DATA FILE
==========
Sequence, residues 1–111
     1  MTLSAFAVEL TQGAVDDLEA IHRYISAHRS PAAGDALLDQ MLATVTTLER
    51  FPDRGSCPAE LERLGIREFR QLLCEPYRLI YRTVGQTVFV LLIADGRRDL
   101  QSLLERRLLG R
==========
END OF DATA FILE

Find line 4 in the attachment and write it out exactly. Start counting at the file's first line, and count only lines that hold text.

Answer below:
   101  QSLLERRLLG R